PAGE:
Recently, ‘In a Galaxy Far, Far Away’, for the first time in man’s history, a group of scientists exhibited an image of a black hole, found, in a not-so-close-proximity of a 55 million light years away at the Messier 87 (M87) Galaxy. Thus, as I may add, the line that severs science fiction and non-fiction is beginning to fizzle and blur.

The image shows a bright ring formed as light bends in the intense gravity around a black hole that is 6.5 billion times more massive than the Sun. This long-sought image provides the strongest evidence to date for the existence of supermassive black holes and opens a new window onto the study of black holes, their event horizons and gravity.

Scientists have obtained the first image of a black hole, using Event Horizon Telescope observations of the centre of the galaxy M87 (Courtesy: Event Horizon Telescope Collaboration)

However, the blurred black hole photo also gave birth to hilarious memes:

#1. Eye of Sauron

According to one report, a popular theme was the ‘Eye of Sauron’ – the all-seeing baddy from the “Lord of the Rings” trilogy. One Twitter user wrote: “Love to probe distant galaxies only to discover they’re inhabited by the Eye of Sauron.” Another said: “That’s no black hole, they found Sauron. Middle Earth here we come.”

And then there were others  … (see #2 to #5).

#2. Catfished

#3. A Bagel To Go

#4. Big Floating Pink Ring

#5. DOH!

Suffice to say, we should NEVER underestimate people’s ability to have fun with a major scientific breakthrough!

What’s your favourite black hole meme? Is there a particular one that you’d like Neue to check out? Drop us a line in the comments section.

But all jokes aside, we here at Neue strongly believe in educating the next generation of innovators.

A Malaysian’s effort

The ‘One (another) Giant Leap for Mankind’ team of 200 internationally collaborated members who snapped the black hole using the Event Horizon Telescope (EHT), and 8 ground-based radio telescopes amounting to sizes of our largest Cathedrals – had a Malaysian on board.

Kevin Koay Jun Yi, a Malaysian scientist who specialises in Radio Astronomy was part of the observation team at the James Clerk Maxwell Telescope, Mauna Kea, Hawaii. (2 thumbs up to this lad!)

As far as the naked eye can see

Let’s take a look at the darker-than-black space-oddity, well, you’re looking at it, but at the same time, you’re not. What you’re looking at is a silhouette, a sink-hole, or a portal to the unknown, no one really knows yet.

But what scientists do know about the black hole, is that it is in a state of perpetual-singularity, a mass-subsistence of where the universal laws of Space and Time don’t technically work. That my friend is the region they call Event Horizon.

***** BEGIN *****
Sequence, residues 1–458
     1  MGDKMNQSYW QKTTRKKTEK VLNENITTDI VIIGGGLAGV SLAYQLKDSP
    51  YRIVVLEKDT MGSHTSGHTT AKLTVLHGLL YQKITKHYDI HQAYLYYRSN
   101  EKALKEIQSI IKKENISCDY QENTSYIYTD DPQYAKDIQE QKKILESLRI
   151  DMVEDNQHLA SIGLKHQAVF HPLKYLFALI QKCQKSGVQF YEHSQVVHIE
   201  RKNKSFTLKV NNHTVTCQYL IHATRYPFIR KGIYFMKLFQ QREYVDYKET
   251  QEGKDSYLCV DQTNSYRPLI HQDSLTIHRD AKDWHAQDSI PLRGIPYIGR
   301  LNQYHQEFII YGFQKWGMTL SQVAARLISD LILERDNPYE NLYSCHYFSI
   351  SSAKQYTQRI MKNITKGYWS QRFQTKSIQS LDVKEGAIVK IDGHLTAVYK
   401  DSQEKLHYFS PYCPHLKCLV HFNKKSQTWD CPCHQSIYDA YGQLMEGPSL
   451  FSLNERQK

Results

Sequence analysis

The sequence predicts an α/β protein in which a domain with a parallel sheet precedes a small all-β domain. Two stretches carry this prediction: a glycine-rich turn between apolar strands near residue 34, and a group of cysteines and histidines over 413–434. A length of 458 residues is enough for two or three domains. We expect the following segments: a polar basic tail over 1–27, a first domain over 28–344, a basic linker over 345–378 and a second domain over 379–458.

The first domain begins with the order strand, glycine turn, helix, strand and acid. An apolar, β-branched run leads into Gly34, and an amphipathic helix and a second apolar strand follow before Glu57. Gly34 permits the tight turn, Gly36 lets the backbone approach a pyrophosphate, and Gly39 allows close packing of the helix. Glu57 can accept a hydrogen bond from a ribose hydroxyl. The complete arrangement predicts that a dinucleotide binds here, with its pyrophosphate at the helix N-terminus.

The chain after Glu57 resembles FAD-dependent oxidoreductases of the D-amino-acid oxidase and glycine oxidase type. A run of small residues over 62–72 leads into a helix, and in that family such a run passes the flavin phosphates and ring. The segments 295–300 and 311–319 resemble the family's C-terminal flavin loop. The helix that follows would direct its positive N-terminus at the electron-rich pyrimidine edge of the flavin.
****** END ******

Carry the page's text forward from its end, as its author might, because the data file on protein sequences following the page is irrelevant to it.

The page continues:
In that twilight-zone, the fact that its law-defying gravitational-pull combined with its seemingly infinite density means nothing can escape its pull. Not even light.

How is there light around it then?

The light encompassing the black orb is known as the photon orbit, with a spherical reach 2.5 times larger than that of the Event Horizon. This is where the gravitational pull exerts most heavily, so if light were to reach the photo orbit, we can bid it Adios.

The temperatures surrounding the black hole is calculated to reach up to billions of degrees, so the light we are seeing is actually the splitting of matter, so great that it produces extraordinary-proportions of bright-light. (kind of ironic) The light found burning brighter at the bottom of the dead-gas-giant is caused by light flying towards the telescope, represented by radio waves.

The light does not actually fly completely to our sights because in the whole jumble of the black hole’s unlawful practice of Space and Time, the light flies towards us, away from us, above us, under us, it goes everywhere around in an erratic spree due to the far reaches of the proton orbit and its hunger for unsanctioned-suction.

Although it may seem like a lack-lustred portrayal of the black-beast, it’s an Avant-Garde of how far human beings have come, from controversial theories by Albert Einstein to Steven Hawking’s polished work, both who’ve dedicated their lives to lessen the gap between science fiction and our reality. It’s a matter of time before go […] Go where you ask? I’ll leave it to the cosmic unknown and your imagination to decide.

(Cover image at top of page shows an artist’s impression of a black hole named ‘Cygnus X-1’. It formed when a large star caved in. This black hole pulls matter from blue star beside it – Photo courtesy of NASA)